It was clear to Salmin’s faction, as well as to his opponents, that the establishment of the new party would be an important landmark on the road of the PDRY into the Eastern block, with all the expected consequences in the internal political life and foreign policy.
Said Abd Al-Fattah Ismail (“Al-Houriya”, 18.9.1978): “What is the nature of this party? What is its identity? Is it to become a transitory party? Is it a middle-of-the-road party? Is it a revolutionary democratic party? – It is strange to hear these questions from those who were in the past the most leftist elements…”
His “surprise” is, of course, understandable. Coming from a man influenced deeply by the “soviet” advisers, no wonder that he expresses his “mother-party’s” habit of identifying the correct leftist position with supporting the “democratic-centralist” dictatorship of the Party.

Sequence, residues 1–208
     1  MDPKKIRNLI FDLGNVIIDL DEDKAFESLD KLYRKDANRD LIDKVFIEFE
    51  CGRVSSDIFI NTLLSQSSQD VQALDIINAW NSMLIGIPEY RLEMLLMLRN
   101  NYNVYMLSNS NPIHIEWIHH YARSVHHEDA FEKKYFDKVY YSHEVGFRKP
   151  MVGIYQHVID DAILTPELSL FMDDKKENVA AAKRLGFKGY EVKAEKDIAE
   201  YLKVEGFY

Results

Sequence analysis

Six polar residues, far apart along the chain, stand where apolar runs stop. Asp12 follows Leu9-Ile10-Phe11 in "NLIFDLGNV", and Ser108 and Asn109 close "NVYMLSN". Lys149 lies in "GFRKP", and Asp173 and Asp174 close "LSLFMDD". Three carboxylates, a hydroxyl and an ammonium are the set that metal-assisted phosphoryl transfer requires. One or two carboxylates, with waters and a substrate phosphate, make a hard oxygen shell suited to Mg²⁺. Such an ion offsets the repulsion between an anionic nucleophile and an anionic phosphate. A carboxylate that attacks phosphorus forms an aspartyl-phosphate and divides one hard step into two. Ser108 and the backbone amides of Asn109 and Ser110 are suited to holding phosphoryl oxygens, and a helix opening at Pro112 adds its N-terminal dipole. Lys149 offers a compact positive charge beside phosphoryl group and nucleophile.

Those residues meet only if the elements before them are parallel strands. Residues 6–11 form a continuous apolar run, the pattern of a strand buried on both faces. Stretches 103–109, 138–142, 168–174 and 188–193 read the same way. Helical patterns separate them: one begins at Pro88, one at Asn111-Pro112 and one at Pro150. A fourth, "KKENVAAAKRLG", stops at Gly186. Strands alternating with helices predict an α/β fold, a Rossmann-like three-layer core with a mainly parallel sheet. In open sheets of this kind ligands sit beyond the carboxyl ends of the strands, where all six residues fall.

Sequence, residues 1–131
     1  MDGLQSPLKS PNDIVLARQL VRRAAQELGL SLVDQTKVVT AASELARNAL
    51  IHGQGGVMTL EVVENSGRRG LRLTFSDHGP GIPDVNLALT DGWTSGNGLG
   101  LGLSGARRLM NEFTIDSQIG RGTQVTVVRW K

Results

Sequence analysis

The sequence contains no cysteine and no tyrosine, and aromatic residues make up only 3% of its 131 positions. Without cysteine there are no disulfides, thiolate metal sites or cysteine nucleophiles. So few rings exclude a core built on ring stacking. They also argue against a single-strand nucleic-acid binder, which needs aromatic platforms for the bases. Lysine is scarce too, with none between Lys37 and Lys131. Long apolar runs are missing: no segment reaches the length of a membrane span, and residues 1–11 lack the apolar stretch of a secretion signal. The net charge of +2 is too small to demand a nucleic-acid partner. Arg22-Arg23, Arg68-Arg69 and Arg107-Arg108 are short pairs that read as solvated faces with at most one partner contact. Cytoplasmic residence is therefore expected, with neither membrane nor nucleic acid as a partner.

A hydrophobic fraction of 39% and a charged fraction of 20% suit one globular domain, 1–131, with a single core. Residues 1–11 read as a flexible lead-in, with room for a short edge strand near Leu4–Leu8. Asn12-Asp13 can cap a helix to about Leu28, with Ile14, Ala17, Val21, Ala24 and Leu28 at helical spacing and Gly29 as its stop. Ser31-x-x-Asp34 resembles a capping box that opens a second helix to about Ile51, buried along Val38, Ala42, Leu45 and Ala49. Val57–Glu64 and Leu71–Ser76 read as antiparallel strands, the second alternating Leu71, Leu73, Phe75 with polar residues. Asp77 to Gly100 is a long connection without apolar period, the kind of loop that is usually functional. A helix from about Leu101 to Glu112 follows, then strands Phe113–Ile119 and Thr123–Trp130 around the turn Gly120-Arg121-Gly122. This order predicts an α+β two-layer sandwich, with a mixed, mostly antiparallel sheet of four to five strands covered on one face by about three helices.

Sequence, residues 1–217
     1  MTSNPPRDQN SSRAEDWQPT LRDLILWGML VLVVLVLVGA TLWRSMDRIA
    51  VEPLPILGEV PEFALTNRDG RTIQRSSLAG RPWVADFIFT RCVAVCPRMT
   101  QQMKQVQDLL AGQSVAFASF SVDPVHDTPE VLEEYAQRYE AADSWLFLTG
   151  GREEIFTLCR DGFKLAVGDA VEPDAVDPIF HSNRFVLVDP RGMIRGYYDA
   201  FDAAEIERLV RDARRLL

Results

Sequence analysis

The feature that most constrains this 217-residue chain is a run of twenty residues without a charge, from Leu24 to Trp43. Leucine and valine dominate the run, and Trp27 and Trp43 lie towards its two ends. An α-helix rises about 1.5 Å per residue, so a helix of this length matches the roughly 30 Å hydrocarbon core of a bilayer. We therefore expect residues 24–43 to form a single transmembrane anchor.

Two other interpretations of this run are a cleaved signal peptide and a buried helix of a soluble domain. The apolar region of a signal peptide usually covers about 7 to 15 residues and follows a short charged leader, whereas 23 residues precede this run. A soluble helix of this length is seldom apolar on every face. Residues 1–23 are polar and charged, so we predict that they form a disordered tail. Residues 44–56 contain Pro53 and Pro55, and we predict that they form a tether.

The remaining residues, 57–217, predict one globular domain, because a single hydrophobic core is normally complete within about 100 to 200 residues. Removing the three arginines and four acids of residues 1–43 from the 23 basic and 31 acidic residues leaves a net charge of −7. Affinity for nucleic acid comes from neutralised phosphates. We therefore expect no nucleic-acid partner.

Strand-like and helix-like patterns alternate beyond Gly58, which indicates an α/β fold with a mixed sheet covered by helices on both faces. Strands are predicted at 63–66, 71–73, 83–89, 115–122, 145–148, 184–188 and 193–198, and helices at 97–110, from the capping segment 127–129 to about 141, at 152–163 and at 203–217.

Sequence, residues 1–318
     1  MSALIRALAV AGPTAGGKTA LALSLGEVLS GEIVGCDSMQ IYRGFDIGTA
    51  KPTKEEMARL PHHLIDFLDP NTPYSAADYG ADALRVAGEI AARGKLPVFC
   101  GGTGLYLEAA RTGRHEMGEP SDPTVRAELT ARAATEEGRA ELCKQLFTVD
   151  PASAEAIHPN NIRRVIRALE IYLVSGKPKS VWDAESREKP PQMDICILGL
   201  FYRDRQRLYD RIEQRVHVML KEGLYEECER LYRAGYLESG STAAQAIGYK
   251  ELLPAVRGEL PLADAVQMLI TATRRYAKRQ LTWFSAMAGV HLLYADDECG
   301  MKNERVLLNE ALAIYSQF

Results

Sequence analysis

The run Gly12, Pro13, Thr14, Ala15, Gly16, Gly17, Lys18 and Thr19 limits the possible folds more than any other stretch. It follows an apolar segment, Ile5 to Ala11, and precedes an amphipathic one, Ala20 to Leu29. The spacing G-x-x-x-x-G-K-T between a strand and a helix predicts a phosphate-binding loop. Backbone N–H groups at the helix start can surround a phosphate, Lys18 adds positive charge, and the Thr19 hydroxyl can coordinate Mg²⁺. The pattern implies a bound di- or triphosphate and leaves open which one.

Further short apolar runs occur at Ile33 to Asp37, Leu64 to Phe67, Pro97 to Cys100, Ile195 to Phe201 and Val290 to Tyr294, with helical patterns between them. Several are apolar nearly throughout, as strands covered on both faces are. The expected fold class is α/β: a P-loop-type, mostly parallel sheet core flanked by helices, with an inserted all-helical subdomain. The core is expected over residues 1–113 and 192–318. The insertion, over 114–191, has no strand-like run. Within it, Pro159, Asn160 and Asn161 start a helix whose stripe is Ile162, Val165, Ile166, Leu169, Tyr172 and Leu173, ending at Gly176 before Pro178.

“You must thoroughly understand”, he went on, “that the question in dispute with Salem Rubaya and his deviationist group, concerning the party, was not just about the word ‘party’… neither the word as a word nor the ‘new-model-vanguard-party’ as an expression. But it was a dispute about basic questions, about essential questions, a dispute connected to the Yemenite national problems. They did not want a new-model-vanguard-party, unitary in its Arabism, international in its (foreign) relations, and patriotic in its positions… What they wanted was a party that would formally believe in the unity of the international working-class struggle, without believing neither in the unity of the toilers’ struggle in the Yemenite homeland with that of the Arab region. We have emphasized inside the organization that there would inevitably be a strong connection between the unitarian patriotic position and the internationalist position; it is impossible for us to be patriotic (in the ideological, revolutionary and class meaning of the word) without believing in internationalist solidarity” (Ismail in “Al-Houriya”, 18.9.1978).